Musona’s Germany struggles explained

BY FORTUNE MBELE

A GERMANY-BASED journalist and football analyst has provided an insight into why Warriors’ skipper Knowledge Musona failed to make an impact in the Bundesliga following his breakthrough in 2011.

Musona played for TSG Hoffenheim in the Bundesliga between 2011 and 2012, where he was limited to just 16 appearances and failed to score a single goal before he was loaned out to Augsburg in the same league and featured 14 times for the team, but his name did not appear on the scoresheet.

With all his talents, football fans have tried to find answers as to why Musona struggled that much considering he was probably at the prime of his career and seemed destined for success in Europe.

Kres Harrington, who works for DW News in Germany, in an interview on South Africa’s Soccer Laduma Radio in a programme dubbed The Bundesliga Connection, Tuesday said the young Musona could have been affected by a cocktail of issues ranging from culture shock, home-sickness and the Bundesliga’s approach to young African talent.

Musona joined TSG Hoffenheim from South African giants Kaizer Chiefs, aged 21, in 2011 and played only 16 games and in two years, he was loaned to Augsburg and back to Amakhosi before he eventually moved to Belgium’s Oostende in 2015.

He could have tried his luck in England, following Queens Park Rangers’ interest, but he opted to return to South Africa, in a move that shocked many.

“It did not work out for him (Musona) and why is that? A lot of people wonder. I think the narrative is he was punching above his weight. That is what his former coach in Zimbabwe (Norman Mapeza) had to say. The reality is that the Bundesliga doesn’t have the best history in terms of developing talent that is not European. Sometimes home sickeness issues are part of the reason too, you have to put that in play. Culture shock as well,” Harrington said.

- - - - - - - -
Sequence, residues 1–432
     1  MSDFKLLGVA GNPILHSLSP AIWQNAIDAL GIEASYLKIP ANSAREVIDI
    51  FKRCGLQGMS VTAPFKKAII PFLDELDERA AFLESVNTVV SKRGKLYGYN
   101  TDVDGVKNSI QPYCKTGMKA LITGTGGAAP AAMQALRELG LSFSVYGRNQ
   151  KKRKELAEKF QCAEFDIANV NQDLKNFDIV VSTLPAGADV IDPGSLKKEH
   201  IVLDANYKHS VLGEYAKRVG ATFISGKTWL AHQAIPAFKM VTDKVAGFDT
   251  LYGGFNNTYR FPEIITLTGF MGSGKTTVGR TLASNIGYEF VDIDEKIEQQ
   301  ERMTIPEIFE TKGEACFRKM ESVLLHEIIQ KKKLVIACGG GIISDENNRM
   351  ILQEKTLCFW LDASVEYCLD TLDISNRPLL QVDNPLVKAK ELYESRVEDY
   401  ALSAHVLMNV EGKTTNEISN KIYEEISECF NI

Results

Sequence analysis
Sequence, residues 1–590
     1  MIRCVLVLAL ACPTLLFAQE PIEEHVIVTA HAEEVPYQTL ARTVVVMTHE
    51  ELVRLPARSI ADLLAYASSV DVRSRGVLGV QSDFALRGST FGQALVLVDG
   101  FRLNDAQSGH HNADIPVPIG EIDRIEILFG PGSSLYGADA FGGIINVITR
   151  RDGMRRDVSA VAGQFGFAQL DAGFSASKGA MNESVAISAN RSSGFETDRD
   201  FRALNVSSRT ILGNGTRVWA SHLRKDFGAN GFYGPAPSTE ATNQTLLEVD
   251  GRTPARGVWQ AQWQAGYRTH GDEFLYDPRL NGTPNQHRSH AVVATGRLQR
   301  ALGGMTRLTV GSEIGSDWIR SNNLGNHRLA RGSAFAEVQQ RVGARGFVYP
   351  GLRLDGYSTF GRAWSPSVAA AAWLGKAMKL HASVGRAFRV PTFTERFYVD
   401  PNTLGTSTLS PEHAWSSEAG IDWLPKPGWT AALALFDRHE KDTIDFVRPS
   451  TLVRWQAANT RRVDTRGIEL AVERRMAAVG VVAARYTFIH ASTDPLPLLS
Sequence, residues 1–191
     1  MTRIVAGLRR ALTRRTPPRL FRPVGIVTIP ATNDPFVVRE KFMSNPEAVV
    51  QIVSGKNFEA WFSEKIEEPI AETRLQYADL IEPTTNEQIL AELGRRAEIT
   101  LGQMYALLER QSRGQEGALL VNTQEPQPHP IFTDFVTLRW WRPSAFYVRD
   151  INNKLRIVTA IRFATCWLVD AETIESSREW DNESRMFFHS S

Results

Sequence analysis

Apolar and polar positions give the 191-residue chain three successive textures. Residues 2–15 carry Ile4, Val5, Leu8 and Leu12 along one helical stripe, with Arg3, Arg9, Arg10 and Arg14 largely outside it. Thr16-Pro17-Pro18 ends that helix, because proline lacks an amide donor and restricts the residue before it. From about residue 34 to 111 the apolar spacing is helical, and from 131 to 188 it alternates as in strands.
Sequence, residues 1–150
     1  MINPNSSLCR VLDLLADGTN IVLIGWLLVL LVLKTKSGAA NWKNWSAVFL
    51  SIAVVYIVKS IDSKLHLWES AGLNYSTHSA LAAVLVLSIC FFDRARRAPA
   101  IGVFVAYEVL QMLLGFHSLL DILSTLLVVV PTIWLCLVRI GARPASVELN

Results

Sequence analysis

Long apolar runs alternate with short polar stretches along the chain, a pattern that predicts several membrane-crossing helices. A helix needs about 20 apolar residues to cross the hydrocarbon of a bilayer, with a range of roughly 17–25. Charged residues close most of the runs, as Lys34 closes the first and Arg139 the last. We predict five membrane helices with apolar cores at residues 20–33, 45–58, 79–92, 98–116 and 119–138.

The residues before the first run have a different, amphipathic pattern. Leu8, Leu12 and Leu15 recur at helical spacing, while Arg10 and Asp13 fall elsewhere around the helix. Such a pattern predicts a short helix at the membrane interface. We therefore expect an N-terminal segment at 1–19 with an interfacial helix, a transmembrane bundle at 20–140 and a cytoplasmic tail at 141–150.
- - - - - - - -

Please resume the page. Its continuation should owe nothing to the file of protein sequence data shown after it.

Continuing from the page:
He opined that Musona could have been more successful had he joined other European leagues such as the French Ligue 1 or the Netherlands topflight, which give young players from outside Europe more time to develop.

“Musona spent time at Hoffenheim and Augsburg between 2011 and 2014 and having been in those cities I think culture shock could have played a part in why he did not produce. Those are the only two teams he has never scored a goal, which begs a question and also competition is a factor,” Harrington said.

“Roberto Firmino came six months after to Hoffenheim and we know where Firmino is now and in terms of Germany working out, Musona was loaned back to Chiefs and he scored eight goals.”
Harrington contended that the Bundesliga was too competitive at the time and Musona should have joined other more accommodating leagues in Europe.

“So (it was a case of) opportunity punching above your weight and giving yourself time to develop. The Bundesliga was very competitive during that period. That is when Bayern Munich and Dortmund were competing for the Champions League. So that speaks of competitiveness that was in the Bundesliga. Other leagues like France and the Netherlands have a history of developing young African talent. The Bundesliga is not quite there yet,” he said.

Musona settled for Belgium, where he played for Oostende from 2015 to 2018 when he moved to giants Anderlecht, where he also struggled with an injury and was loaned to Lokeren and Eupen, with the latter signing him in January.

He is a key figure in the Warriors’ current World Cup and Africa Cup of Nations campaigns.

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